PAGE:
Sympathetic nervous system, systolic heart failure, and central sleep apnea: Are we about to find the missing link?

Journal of Nuclear Cardiology, Nov 2017

Olivier Lairez MD, PhD, Damien Legallois MD

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Sympathetic nervous system, systolic heart failure, and central sleep apnea: Are we about to find the missing link?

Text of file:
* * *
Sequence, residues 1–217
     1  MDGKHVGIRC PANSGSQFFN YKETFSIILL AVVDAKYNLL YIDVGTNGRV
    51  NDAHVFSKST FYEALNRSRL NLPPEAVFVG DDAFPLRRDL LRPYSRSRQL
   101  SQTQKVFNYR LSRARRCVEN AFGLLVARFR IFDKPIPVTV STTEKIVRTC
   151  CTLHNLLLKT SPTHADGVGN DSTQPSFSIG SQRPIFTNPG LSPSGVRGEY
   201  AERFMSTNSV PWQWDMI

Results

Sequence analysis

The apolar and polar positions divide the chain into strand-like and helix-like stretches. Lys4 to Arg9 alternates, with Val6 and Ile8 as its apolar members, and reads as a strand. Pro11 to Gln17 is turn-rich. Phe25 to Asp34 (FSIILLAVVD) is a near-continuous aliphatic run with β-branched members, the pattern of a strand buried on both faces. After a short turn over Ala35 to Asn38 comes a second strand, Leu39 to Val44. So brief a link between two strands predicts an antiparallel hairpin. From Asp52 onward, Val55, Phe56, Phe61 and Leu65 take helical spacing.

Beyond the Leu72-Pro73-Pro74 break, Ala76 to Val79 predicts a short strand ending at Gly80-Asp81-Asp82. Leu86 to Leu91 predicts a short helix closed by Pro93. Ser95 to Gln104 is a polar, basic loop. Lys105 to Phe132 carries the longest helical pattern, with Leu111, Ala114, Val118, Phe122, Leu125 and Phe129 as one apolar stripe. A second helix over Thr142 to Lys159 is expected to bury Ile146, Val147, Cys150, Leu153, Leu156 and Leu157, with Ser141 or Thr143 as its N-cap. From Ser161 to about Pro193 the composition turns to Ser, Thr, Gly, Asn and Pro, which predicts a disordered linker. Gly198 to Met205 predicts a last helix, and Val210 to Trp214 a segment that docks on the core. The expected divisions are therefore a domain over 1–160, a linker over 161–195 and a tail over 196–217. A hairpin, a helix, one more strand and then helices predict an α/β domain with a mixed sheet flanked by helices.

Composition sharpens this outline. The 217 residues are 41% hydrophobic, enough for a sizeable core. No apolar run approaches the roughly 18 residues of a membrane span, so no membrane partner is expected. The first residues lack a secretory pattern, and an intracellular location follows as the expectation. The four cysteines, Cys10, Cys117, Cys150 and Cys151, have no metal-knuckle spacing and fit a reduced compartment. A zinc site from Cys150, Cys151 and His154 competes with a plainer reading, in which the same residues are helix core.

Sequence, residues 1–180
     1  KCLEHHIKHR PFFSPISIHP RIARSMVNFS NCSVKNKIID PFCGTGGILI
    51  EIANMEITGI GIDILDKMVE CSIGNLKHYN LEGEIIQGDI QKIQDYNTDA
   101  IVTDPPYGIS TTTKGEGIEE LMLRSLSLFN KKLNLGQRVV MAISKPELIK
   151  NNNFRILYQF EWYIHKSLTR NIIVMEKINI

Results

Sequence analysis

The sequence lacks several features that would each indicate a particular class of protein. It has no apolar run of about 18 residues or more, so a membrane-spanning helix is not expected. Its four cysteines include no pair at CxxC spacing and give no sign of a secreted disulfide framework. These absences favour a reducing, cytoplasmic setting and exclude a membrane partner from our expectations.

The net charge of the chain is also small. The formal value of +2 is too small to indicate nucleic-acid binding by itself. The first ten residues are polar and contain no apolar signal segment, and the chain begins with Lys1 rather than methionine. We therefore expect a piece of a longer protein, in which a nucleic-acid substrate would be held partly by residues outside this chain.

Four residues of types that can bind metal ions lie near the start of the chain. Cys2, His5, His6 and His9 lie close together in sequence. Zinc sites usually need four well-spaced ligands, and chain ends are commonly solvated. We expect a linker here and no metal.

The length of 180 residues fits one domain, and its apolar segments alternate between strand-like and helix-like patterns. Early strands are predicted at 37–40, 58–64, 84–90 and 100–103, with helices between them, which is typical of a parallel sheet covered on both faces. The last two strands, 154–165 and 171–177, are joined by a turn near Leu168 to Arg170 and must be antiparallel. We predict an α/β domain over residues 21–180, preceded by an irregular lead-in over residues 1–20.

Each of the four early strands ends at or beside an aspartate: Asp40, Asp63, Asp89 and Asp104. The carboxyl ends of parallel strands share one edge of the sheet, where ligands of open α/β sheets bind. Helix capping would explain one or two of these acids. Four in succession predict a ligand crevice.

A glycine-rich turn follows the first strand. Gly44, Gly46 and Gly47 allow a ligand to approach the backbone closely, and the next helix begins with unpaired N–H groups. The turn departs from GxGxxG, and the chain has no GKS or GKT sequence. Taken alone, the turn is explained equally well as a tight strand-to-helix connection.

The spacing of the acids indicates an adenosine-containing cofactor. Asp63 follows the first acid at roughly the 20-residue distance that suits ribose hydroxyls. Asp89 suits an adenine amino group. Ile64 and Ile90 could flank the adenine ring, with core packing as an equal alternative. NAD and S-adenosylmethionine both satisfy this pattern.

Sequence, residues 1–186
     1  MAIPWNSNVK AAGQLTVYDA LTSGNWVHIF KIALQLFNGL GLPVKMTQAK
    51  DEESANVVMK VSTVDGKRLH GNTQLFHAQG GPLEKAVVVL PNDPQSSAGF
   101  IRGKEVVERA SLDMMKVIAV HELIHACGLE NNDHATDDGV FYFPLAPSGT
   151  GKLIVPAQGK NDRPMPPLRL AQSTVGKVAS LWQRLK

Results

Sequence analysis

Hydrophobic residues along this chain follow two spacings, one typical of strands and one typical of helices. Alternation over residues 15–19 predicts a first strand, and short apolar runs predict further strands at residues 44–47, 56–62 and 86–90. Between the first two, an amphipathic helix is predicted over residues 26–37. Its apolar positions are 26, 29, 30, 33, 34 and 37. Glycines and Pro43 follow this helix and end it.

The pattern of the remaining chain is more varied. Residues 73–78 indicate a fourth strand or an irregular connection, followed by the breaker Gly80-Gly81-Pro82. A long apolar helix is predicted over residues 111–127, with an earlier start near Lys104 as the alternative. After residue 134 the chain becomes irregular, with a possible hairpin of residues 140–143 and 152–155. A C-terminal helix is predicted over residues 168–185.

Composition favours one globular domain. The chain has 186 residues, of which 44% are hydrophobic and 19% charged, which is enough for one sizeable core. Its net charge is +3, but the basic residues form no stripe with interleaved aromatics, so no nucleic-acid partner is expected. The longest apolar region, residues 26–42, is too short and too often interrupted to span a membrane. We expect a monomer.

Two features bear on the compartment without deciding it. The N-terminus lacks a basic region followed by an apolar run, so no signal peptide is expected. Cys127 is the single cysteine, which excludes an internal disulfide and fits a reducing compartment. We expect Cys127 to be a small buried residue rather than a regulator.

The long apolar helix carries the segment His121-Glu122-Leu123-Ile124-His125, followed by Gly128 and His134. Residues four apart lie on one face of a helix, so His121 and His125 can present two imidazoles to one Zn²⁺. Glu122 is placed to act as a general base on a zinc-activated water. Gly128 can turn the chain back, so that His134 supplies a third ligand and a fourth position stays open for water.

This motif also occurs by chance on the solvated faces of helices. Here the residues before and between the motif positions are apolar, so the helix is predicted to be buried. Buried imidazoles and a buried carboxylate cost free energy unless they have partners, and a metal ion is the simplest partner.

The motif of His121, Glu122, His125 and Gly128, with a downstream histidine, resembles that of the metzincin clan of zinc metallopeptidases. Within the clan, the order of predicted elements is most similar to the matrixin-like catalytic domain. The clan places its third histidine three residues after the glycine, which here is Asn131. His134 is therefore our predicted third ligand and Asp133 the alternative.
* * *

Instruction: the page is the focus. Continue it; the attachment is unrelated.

Received Apr Sympathetic nervous system, systolic heart failure, and central sleep apnea: Are we about to find the missing link? Olivier Lairez 0 3 Damien Legallois 0 1 2 Denis Agostini 0 0 Reprint requests: Denis Agostini , MD, PhD , Service de Me ́decine Nucle ́aire, CHU Coˆte de Nacre , Caen , France 1 Service de Cardiologie, CHU Coˆte de Nacre , Caen , France 2 Service de Me ́decine Nucle ́aire, CHU Coˆte de Nacre , Caen , France 3 De ́partement de Me ́decine Nucle ́aire , CHU Rangueil, Toulouse , France - Sympathetic nervous system (SNS) activation has long been known to be a cardinal feature in the pathophysiology of cardiac remodeling and systolic heart failure (SHF). It was reported to have implications for both disease progression and survival. SNS activation is assumed to be secondary to the decrease of sympathoinhibitory reflexes usually drove by the stimulation of afferent mechanoreceptors and by the increase of efferent sympatho-excitatory mechanisms associated with alteration in autonomic regulation.1 Activation of cardiac and peripheral sympathetic nervous systems has been linked to the rate of disease progression and sudden death.2 The main retrospective and prospective studies have shown that cardiac neuronal uptake based on Heart-Mediastinum Ratio (HMR) by 123I-Metaiodobenzylguanidine (MIBG) imaging was a prognostic indicator of severe heart failure and/or ventricular arrhythmia if HMR was less than 1.6 in patients with a left ventricular ejection fraction less than 35%.3-5 These findings have been the rationale for the use of betaadrenergic blocking agents in the management of patients with SHF. Several observations have suggested that ventricular systolic dysfunction per se was not the principal stimulus to sympathetic activation. If the decrease of sympatho-inhibitory reflexes is directly linked to the ventricular systolic dysfunction though the decrease of the cardiac output, mechanisms underlying the autonomic dysregulation seem more generalized. Among the parameters acting on nonbaroreflex-mediated sympathoexcitation, sleep-disordered breathing is one of the main actors. SYSTOLIC HEART FAILURE AND CENTRAL SLEEP APNOEA Sleep-disordered breathing is highly prevalent in patients with SHF: central sleep apnoea with Cheyne Stokes respiration (CSA-CSR) occurs in about a third of patients with SHF.6 CSA is characterized by repetitive suspension (apnea) or reduction (hypopnea) of breathing, causing intermittent oxygen desaturation. Interestingly, improving cardiac function through medications, devices or surgery relieves CSA-CSR.6 It is considered that CSA-CSR is a marker of greater heart failure severity and probably an independent risk factor for mortality.6 SNS activation likely contributes to this increased risk of adverse cardiovascular events. CENTRAL SLEEP APNOEA AND SYMPATHETIC NERVOUS SYSTEM ACTIVATION Central sleep apnea has deleterious effects includ ing activation of different set of stimuli to the SNS.7 Hypoxia and hypercapnia induced by repetitive apnea and hypopnea interrupt the normal tonic inhibition of efferent sympathetic activity form pulmonary receptors, leading to an increase in sympathetic discharge.8 Higher rates of cardiac and total body norepinephrine spillover were reported in subjects with CSA than in heart failure patients without CSA.9 Ventricular remodeling, heart failure progression, and consequently sudden death are long-term consequences of sustained adrenergic activation.9,10 DOES ADAPTIVE SERVO-VENTILATION AND SUBSEQUENT ELIMINATION OF CENTRAL SLEEP APNEA CAN BE BENEFICIAL IN PATIENTS WITH SYSTOLIC HEART FAILURE? CSA have adverse cardiovascular effects that are reversed with adaptive servo-ventilation (ASV). ASV has been shown to improve cardiovascular function in CSA patients in small randomized clinical trials.6 But the benefit of ASV for the purpose of extending life is still controversial.11 Recent multinational randomized, controlled trial has suggested that ASV increases allcause and cardiovascular mortality in patients who had SHF.12 This result opened an interesting discussion of whether CSA-CSR reflects worsening heart failure or it is an adverse risk factor for death in its own right.13,14 DOES ELIMINATION OF CENTRAL SLEEP APNEA FORESTALL OR REVERSE SYMPATHETIC DISCHARGE? Treatment of patients with heart failure and CSA with ASV attenuates the magnitude of SNS activation.15 However, it is important to consider that the alteration in autonomic regulation, which occurs early during the course of heart failure, is selective, rather than generalized.16 This complex pathophysiology, linking SNS activation, CSA, and SHF, leads to temporal, regional, and inter-individual heterogeneity of SNS activation.1 Consequently, exploration of local cardiac sympathetic nerve activity is determinant point in the understanding of the effects of ASV on CSA and SHF. In the current issue of the Journal, Toyama et al. evaluated the impact of ASV on cardiac sympathetic nerve activity assessed by 123I-MIBG imaging and functional capacity in patients with SHF. They prospectively randomized 31 consecutive patients with both SHF and CSR-CSA between groups with or without ASV for 6 months in addition to guideline-based medical management for heart failure. The authors show that ASV decreases apnea-hypopnea index, which is accompanied by a decrease of the total defect score and the washout rate, and an increase in the heart-to-mediastinum activity ratio of the 123I-MIBG images. Furthermore, the patients with ASV show a decrease of the total mismatch score between the 123I-MIBG images and the 99mTc-MIBI images. These effects on cardiac sympathetic activity were accompanied by an improvement in functional parameters as showed by the increase in left ventricular ejection fraction, and the decrease in NHYA functional class and the specific activity scale. In contrast, the patients without ASV showed no change in any of these parameters. This study demonstrates the beneficial effects of ASV therapy on cardiac sympathetic nerve activity, cardiac function, and functional capacity, as well as apnea-hypopnea index, over a period of 6 months. These results highlight the link between CSA reduction and reversion of cardiac sympathetic discharge. Only one study had previously assessed the impact of ASV on cardiac sympathetic activity by exploring the effects of ASV on cardiac norepinephrine spillover.17 The gain of 123I-MIBG over circulating catecholamine dosage is to explore the mean effect of ASV on cardiac sympathetic activity and not only the acute effect, which is reflected by the half-life of the catecholamine. As mentioned previously, the autonomic dysregulation that accompanying SHF has temporal, regional, and inter-individual heterogeneity and requires long term rather than acute evaluation. With their study, Toyama et al. show that the benefit of ASV on cardiac sympathetic activity is sustained over the time. Finally, these results are going versus the compensatory theory, which suggest that CSA is a compensatory mechanism of SHF rather than comorbidity. FUTURE DIRECTIONS This evidence of the beneficial effects of ASV on cardiac sympathetic nerve activity and functional capacity in patients with both SHF and CSA, questions about the contradictory results of the SERVE-HF trial.12 The benefit of ASV depends probably on the basal level of cardiac sympathetic activity. Univariate subgroup analyses from the SERVE-HF trial provide some points to consider: when baseline left ventricular ejection fraction was [30%, the data suggested that the cardiovascular safety signal for ASV might disappear.18 This analysis suggests that ASV therapy benefits only for the more severe patients. As 123I-MIBG images are well correlated with left ventricular ejection fraction, we can suppose that, in the future, 123I-MIBG could be use as a tool for the selection of patients with SHF who will benefit from ASV therapy. Further work investigating the place of 123I-MIBG images for the selection and the monitoring of patients with SHF who will benefit from ASV therapy is needed. 1. Floras JS . Sympathetic nervous system activation in human heart failure: clinical implications of an updated model . J Am Coll Cardiol 2009 ; 54 : 375 - 85 . 2. Brunner-La Rocca HP , Esler MD , Jennings GL , Kaye DM , HP. Effect of cardiac sympathetic nervous activity on mode of death in congestive heart failure . Eur Heart J 2001 ; 22 : 1136 - 43 . 3. Agostini D , Verberne HJ , Burchert W , et al. I -123- mIBG myocardial imaging for assessment of risk for a major cardiac event in heart failure patients: insights from a retrospective European multicenter study . Eur J Nucl Med Mol Imaging 2008 ; 35 : 535 - 46 . 4. Jacobson AF , Senior R , Cerqueira MD , et al. Myocardial iodine123 meta-iodobenzylguanidine imaging and cardiac events in heart failure: results of the prospective ADMIRE-HF (AdreView Myocardial Imaging for Risk Evaluation in Heart Failure) study . J Am Coll Cardiol 2010 ; 55 : 2212 - 21 . 5. Ketchum ES , Jacobson AF , Caldwell JL , et al. Selective improvement in Seattle Heart Failure Model risk stratification using iodine-123 meta-iodobenzylguanidine imaging . J Nucl Cardiol 2012 ; 19 : 1007 - 16 . 6. Naughton MT . Epidemiology of central sleep apnoea in heart failure . Int J Cardiol 2016 ; 206 ( Suppl ): S4 - 7 . 7. Solin P , Kaye DM , Little PJ , Bergin P , Richardson M , Naughton MT . Impact of sleep apnea on sympathetic nervous system activity in heart failure . Chest 2003 ; 123 : 1119 - 26 . 8. Seals DR , Suwarno NO , Dempsey JA . Influence of lung volume on sympathetic nerve discharge in normal humans . Circ Res 1990 ; 67 : 130 - 41 . 9. Mansfield D , Kaye DM , Brunner La Rocca H , Solin P , Esler MD , Naughton MT . Raised sympathetic nerve activity in heart failure and central sleep apnea is due to heart failure severity . Circulation 2003 ; 107 : 1396 - 400 . 10. Boogers MJ , Borleffs CJ , Henneman MM , et al. Cardiac sympathetic denervation assessed with 123-iodine metaiodobenzylguanidine imaging predicts ventricular arrhythmias in implantable cardioverterdefibrillator patients . J Am Coll Cardiol 2010 ; 55 : 2769 - 77 . 11. Bradley TD , Logan AG , Kimoff RJ , Series F , Morrison D , Ferguson K , et al. Continuous positive airway pressure for central sleep apnea and heart failure . N Engl J Med 2005 ; 353 : 2025 - 33 . 12. Cowie MR , Woehrle H , Wegscheider K , Angermann C , d'Ortho MP , Erdmann E , et al. Adaptive servo-ventilation for central sleep apnea in systolic heart failure . N Engl J Med 2015 ; 373 : 1095 - 105 . 13. Kihara Y , Seino Y , Momomura S . Adaptive servo-ventilation for central sleep apnea in heart failure . N Engl J Med 2016 ; 374 : 687 - 8 . 14. Javaheri S , Brown LK , Randerath W , Khayat R . SERVE-HF: more questions than answers . Chest 2016 ; 149 : 900 - 4 . 15. Naughton MT , Benard DC , Liu PP , Rutherford R , Rankin F , Bradley TD . Effects of nasal CPAP on sympathetic activity in patients with heart failure and central sleep apnea . Am J Respir Crit Care Med 1995 ; 152 : 473 - 9 . 16. Binkley PF , Nunziata E , Haas GJ , Nelson SD , Cody RJ . Parasympathetic withdrawal is an integral component of autonomic imbalance in congestive heart failure: demonstration in human subjects and verification in a paced canine model of ventricular failure . J Am Coll Cardiol 1991 ; 18 : 464 - 72 . 17. Kaye DM , Mansfield D , Aggarwal A , Naughton MT , Esler MD . Acute effects of continuous positive airway pressure on cardiac sympathetic tone in congestive heart failure . Circulation 2001 ; 103 : 2336 - 8 . 18. Oldenburg O , Horstkotte D. Heart failure: central sleep apnoea in HF-what can we learn from SERVE-HF? 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Olivier Lairez MD, PhD, Damien Legallois MD. Sympathetic nervous system, systolic heart failure, and central sleep apnea: Are we about to find the missing link?, Journal of Nuclear Cardiology, 2017, 1-3, DOI: 10.1007/s12350-016-0584-2